The Bank of Japan is expected to modify its monetary easing campaign this week with a 2 percent inflation target after being driven into a political corner by Prime Minister Shinzo Abe, who has put priority on beating chronic deflation.
But it remains to be seen whether the BOJ can act aggressively enough to satisfy the new Abe administration because the central bank apparently has few conventional policy weapons left in its arsenal and little hope of accomplishing the feat with monetary policy alone in any stable way.
If the independent BOJ loosens its monetary grip at the two-day meeting starting Monday, it would be the first time in more than nine years it has done so in two consecutive policy meetings, signaling a drastic approach.
The inflation target is likely to be presented as a joint government-BOJ decision on “policy coordination,” but the reality is that the independent BOJ “has been forced to implement very bold easing steps,” said Takeshi Minami, chief economist at Norinchukin Research Institute.
The bank should take the steps “right now” to help Abe reach his goal of pulling the world’s third-largest economy out of a deflationary recession before two-stage doubling of the consumption tax begins in April next year, Minami said.
But political hurdles abound. The legislation for the tax hikes, enacted in August, states that the government must try to achieve nominal economic growth of around 3 percent and real growth of about 2 percent, with prices rising by 1 percent, before going ahead with the tax hikes.
Although this is a nonbinding target, it is likely to become a political prerequisite for pushing the hikes through.
In addition, the BOJ will likely be held responsible for giving regular progress reports to the government on the inflation goal, the sources said.
The Abe administration and the BOJ are set to release the joint statement after the BOJ Policy Board meeting ends on Tuesday, according to the sources.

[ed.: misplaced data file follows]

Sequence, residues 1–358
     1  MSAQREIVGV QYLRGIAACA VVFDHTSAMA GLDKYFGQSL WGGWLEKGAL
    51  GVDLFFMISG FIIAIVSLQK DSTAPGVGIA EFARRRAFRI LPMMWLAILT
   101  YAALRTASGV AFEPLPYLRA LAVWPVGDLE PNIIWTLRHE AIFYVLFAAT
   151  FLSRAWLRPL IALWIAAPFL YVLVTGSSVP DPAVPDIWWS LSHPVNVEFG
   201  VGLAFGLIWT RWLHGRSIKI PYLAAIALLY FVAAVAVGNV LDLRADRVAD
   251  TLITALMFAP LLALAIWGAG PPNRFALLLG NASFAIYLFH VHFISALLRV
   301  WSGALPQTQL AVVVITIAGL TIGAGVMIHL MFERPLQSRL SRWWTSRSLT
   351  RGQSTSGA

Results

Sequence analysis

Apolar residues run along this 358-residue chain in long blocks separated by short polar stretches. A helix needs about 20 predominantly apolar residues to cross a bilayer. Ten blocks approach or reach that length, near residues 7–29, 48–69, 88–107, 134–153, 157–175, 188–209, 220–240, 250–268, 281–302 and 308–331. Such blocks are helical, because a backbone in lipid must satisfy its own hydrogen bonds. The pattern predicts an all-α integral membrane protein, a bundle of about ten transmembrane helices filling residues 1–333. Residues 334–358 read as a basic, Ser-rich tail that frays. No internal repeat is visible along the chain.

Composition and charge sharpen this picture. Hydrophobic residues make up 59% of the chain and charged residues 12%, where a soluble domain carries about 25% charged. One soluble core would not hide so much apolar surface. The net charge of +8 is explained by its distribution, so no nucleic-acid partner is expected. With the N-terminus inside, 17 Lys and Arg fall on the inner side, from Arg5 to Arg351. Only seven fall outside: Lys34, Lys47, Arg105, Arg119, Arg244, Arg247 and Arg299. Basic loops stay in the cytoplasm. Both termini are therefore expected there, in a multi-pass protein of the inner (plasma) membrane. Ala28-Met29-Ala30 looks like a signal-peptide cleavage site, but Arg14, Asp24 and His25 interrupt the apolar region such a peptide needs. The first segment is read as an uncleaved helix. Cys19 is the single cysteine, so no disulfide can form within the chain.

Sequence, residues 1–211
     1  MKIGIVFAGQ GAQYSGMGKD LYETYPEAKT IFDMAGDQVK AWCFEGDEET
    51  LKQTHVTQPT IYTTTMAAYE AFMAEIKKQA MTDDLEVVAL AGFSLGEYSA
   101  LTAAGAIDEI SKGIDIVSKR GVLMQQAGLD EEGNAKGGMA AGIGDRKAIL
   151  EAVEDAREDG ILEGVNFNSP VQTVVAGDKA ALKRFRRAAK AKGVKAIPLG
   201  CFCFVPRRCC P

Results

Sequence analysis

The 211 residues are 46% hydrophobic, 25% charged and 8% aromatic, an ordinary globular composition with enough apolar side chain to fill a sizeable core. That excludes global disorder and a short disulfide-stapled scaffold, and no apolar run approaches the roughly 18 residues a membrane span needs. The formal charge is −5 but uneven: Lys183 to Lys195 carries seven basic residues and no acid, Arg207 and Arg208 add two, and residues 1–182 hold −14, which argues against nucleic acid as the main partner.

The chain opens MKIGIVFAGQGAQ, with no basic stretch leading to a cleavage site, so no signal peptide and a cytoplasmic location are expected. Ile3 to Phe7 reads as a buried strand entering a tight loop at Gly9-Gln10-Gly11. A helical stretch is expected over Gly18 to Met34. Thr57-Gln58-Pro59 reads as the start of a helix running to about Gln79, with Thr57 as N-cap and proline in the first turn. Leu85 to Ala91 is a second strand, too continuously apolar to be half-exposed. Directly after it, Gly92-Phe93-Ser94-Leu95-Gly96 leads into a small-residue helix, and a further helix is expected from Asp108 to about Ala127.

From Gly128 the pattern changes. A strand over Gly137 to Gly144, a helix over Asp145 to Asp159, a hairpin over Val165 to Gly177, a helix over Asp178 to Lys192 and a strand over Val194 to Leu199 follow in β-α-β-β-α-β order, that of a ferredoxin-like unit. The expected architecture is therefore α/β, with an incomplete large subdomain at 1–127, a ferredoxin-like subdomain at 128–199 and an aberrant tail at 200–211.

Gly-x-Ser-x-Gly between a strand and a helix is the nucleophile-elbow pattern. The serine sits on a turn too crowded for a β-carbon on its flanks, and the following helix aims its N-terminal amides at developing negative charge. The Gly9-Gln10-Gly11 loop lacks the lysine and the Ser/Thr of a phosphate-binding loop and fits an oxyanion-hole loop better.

Since last February, the BOJ — which has been actively expanding its asset purchasing program — has been stating that its inflation goal for the medium to long term is a “positive range of 2 percent or lower,” with a specific “goal of 1 percent for the time being.”
BOJ Gov. Masaaki Shirakawa is believed to be reluctant to set a higher target, given that other experts think 2 percent inflation would sharply raise food and energy costs while leaving the nation’s stagnant wages behind, hurting the average household.
Shirakawa decided last month to conclude a review of the inflation goal this month, as requested by Abe, whose conservative Liberal Democratic Party returned to power after three years in the opposition following the Dec. 16 general election.
The additional easing to be pondered at the meeting, which started Monday, are likely to center on expanding the BOJ’s asset purchasing program by around ¥10 trillion, the sources said. In December it raised it by the very same amount, to ¥101 trillion.
The BOJ is also expected to discuss the possibility of adopting open-ended easing steps similar to those used by the U.S. Federal Reserve, such as buying government bonds and other relatively safe financial assets without setting a deadline, they said.
It could even boost purchases of riskier assets, including exchange traded funds, to help pump even more money into the market and bolster demand, possibly effecting higher prices, the sources added.
Some pundits, however, said it is difficult to see the BOJ mapping out more ways to conquer the deflation that has plagued the nation for over a decade, given its track record following the implosion of the late 1980s bubble economy around 1990.
Even if the BOJ sets a 2 percent inflation target, it will not adopt drastic monetary easing steps, said Hideo Kumano, chief economist at Dai-ichi Life Research Institute, noting that “astonishing methods” are “impossible.”